Opinion | Why We Must Pay Attention to The #EndSARS Movement, As Told By Bristol Students


By Morayo Omogbenigun, Second Year, Social Policy

The #EndSARS Movement is turning into more than a movement against police brutality.

It started with Nigerian youth being tired of constant harassment from the Special Anti-Robbery Squad, a sect of the Nigerian police gone rogue. Now, it’s a movement against bad governance, the legacy of colonialism on the Continent, LGBT rights, and so much more.

Social media has been our saviour throughout this movement – traditional broadcast journalism has failed Nigeria. We are turning to digital archives to collate our history and make sure our story gets told the way we want it to – free from manipulation from the government.

The tensions across the country came to an all-time high on 20 October, the Lekki Toll Gate Massacre. At 12pm, the governor of Lagos state, Jide Sanwo-Olu, announced a 24-hour curfew to ‘ensure the safety of protestors’ starting at 4pm.

All of this was posted on Twitter - how many Nigerians have access to WiFi, better yet, electricity? This was a clear, premeditated attack against a youth empowered by the internet.

What this turned into was state-sanctioned murder: the Nigerian army opened fire on innocent protestors. Even worse, the CCTV, lights and electricity at the tollgate were turned off. The only way anyone knew what was going on was when DJ Switch, a Ghanaian DJ and entertainer, went live.

Thousands watched as people were slaughtered on IG Live. Millions watched as people were desperately tweeting for ambulances, begging for help as their phones were dying and signal got progressively worse. Without Instagram and Twitter, how would we have known anything was happening?

In President Buhari’s address to the nation on the 22nd of October, he didn’t acknowledge any of the victims. The Nigerian government is hellbent on the narrative that there were no casualties at the Lekki Toll Gate Massacre, despite a growing number of protestors being missing and reports of soldiers dragging bodies away at the scene.

I decided to speak to a few Nigerian students at the University to get their thoughts on how they feel, having watched a massacre via Instagram Live, with many of us (including myself) having family that live close to the Lekki Toll Gate. How are we supposed to concentrate on academic work and adjust to the isolation of online teaching when our country is being turned into a war zone?

Ruth, a Nigerian second year Politics and French student, told me: ‘Social media has granted us the ability to hold the Nigerian government directly accountable […] allow[ing] us to preserve the legacy of those we’ve lost during the protests and remember[ing] their names and what Nigerians are fighting for.’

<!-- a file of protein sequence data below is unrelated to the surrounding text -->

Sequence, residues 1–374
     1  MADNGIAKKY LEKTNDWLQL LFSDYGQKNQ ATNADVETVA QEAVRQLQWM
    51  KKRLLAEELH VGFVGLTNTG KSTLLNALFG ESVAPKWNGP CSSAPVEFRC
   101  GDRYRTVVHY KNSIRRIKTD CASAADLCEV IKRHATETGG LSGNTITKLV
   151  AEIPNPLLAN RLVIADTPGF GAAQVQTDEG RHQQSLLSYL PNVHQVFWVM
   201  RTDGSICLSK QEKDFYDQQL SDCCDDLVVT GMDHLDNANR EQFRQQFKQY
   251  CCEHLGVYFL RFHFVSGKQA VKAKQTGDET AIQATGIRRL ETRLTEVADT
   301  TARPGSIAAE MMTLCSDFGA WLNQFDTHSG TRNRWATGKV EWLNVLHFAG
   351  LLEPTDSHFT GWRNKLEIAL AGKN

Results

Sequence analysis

Meanwhile, Samuel, a Nigerian second year Electrical and Electronic Engineering student, explained at first, in all honesty, he felt ‘nothing’.

After viewing an increasing amount of footage through social media, however, he ‘began to feel upset and perturbed’; the more he watched, ‘the more heightened these feelings became’.

‘Awareness is great,’ he told me, ‘However, I couldn't help but feel powerless in the knowledge that my homeland is in chaos and I don't know what I could do to stop it.

[...] I don't know what direction this will take, I just hope it can be leveraged to free my people from these demons in uniform

The government has taken a leaf out of Trump’s “fake news” playbook

For Jini, a second year English student with family who live in Lagos,  the events of 20 October, ‘felt like a collective standstill.’

‘We all watched as our worst fears became reality. Irrespective of location, we all felt the trauma across our various screens as we watched a man lose his life through an Instagram stream.’

‘The recording and consumption of trauma came to personify something completely separate in its own right – the shared consciousness of what it has meant to be Nigerian all these years, the incredulity of the fact that we had all just lived like this and never did anything about it.’

If anyone told me a month ago there would be a massacre twenty minutes away from my home in Lagos, I would’ve laughed and asked them if we lived in the 1980s, an era rife with civil unrest.

The government has taken a leaf out of Trump’s “fake news” playbook, and is trying to push the narrative that the IG Live and other photographic evidence was photoshopped. If the news cannot afford to publish factual accounts of the events that transpired, surely we’re being fed propaganda?

Surely, the pre-emptive shutting off of CCTV, the lights and the lack of media coverage is a coordinated attack by a government that seeks to oppress its citizens for daring to want more?

End SARS protestors take to the streets of Bristol
BME mental health and the Black Lives Matter movement

We must rebel against this, we must not forget those who have died and those who continue to be targeted today. Do not forget Lekki, Mushin, Ikorodu, Alausa, Yaba, Umuahia and Kano – more locations are being added to this list as I write this.

To forget them is to buckle again in the face of an oppressive government. How is it that Fela Kuti was singing about Buhari 30 years ago, and this same man is still reigning terror on us? Now, we move onto the second stage of the fight – keeping up the energy until the 2023 presidential election. If we don’t take history into our own hands, are we any different to the previous generation?

Here are some places you can donate to:

To keep updated with the protests, follow the #EndSARS.

Featured Image: Epigram / Guy Taylor

What are your thoughts on the #EndSARS Movement?